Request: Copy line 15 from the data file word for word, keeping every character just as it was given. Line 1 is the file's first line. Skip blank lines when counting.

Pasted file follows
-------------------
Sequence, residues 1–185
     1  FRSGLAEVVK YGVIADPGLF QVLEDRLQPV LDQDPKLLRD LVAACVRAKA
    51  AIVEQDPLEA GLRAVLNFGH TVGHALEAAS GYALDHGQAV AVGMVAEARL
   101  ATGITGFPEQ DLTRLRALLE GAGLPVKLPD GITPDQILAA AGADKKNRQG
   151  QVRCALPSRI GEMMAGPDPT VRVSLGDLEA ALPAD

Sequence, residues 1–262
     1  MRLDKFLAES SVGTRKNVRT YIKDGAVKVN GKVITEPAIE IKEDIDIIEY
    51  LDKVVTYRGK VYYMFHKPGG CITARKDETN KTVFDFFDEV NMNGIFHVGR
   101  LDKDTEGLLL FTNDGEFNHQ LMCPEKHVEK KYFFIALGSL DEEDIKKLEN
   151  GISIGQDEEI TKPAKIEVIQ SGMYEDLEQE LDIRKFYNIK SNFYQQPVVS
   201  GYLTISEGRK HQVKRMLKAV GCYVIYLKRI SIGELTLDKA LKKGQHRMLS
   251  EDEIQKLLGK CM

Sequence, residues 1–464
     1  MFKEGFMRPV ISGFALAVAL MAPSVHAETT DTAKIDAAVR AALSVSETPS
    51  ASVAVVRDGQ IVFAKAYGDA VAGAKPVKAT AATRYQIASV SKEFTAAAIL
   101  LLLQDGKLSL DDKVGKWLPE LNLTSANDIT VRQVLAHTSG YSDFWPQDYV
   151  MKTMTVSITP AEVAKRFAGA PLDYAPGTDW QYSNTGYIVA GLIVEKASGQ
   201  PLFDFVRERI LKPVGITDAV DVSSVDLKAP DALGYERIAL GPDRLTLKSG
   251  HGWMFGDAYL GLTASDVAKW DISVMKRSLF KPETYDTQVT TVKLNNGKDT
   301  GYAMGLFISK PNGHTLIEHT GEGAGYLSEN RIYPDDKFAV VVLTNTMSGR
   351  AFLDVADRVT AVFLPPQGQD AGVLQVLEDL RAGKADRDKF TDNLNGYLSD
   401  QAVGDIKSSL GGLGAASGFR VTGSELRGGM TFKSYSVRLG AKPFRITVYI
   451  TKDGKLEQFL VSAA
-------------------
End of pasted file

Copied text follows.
    51  ASVAVVRDGQ IVFAKAYGDA VAGAKPVKAT AATRYQIASV SKEFTAAAIL